Psychological abuse within a relationship is illegal, and a number of things that previously were not covered by the law are now outlawed.

The offence of coercive control recognises that domestic abuse is not limited to physical violence and can take several different forms.

Controlling or coercive behaviour was introduced as a criminal offence in the Serious Crime Act 2015 and can include economic, emotional or psychological abuse and threats alongside physical or sexual violence.

In 2021, a review into domestic homicide sentencing was commissioned, to be carried out by Clare Wade KC.

More than half (51%) of the murder cases looked at in the Wade Review involved controlling or coercive behaviour.

The government says controlling or coercive behaviour is:

  • acts designed to make a person feel inferior and/or dependent by keeping them apart from friends, help and support. It can include taking advantage of their money and things they have, stopping their independence, and controlling what they want to do.
  • an act of assault, threats, humiliation and intimidation or other abuse that is used to harm, punish or frighten the victim.

These are ten acts towards a partner that are illegal.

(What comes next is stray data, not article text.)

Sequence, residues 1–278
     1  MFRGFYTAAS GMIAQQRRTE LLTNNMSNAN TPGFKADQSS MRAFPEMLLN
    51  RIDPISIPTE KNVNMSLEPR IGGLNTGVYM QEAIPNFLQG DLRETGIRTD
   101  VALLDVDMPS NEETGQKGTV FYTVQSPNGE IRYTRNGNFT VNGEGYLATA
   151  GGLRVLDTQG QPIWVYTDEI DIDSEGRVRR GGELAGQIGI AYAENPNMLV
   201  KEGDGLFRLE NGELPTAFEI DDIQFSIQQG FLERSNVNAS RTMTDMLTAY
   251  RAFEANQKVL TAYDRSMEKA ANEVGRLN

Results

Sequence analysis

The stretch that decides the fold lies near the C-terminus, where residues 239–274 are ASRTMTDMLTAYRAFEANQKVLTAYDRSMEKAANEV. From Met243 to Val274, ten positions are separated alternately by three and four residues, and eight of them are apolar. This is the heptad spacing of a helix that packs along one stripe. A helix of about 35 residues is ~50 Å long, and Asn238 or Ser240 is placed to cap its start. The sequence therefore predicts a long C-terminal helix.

Sharing sexually explicit images of a partner

New laws surrounding ‘revenge porn’ make it illegal for someone to share intimate photographs of you with anyone, online or otherwise, under the Malicous Communications Act.

Restricting access to finances

Even if they earn more money than you, the law says your partner cannot stop you from accessing cash within the relationship.

Putting you down

Persistent name-calling, mocking and other forms of insulting behaviour are now illegal.

Stopping a partner from seeing friends or family

Monitoring or blocking of calls and emails, telling you where you can or cannot go, and preventing you from seeing your friends or relatives is now against the law. IF your partner isolates you from the people you love, they could face the wrath of the law.

Scaring you

Your partner might not physically assault you, but if they are doing enough to frighten you, they are committing an offence. That could include using their size to intimidate or breaking things around the house.

Threatening to reveal private things about you

Repeated threats to reveal personal and private information is now classed as a form of abuse. It could include revealing details about health or sexual orientation.

Putting tracking devices on your phone

It is illegal under the new legislation to “monitor a person using online communication tools or spyware”.

Being extremely jealous

Persistent accusation of cheating and “extreme jealousy, including possessiveness and ridiculous accusations of cheating” all come under the new legislation.

Forcing you to obey their rules

The CPS says if a partner is forced to abide by stringent rules set by a partner, it could mean they are committing a crime.

Controlling what you wear

Your partner taking control over any part of your life is highlighted in the new legislation, including restricting who you see and where you go. Controlling what you wear or how you look could also now be grounds for prosecution under the changes.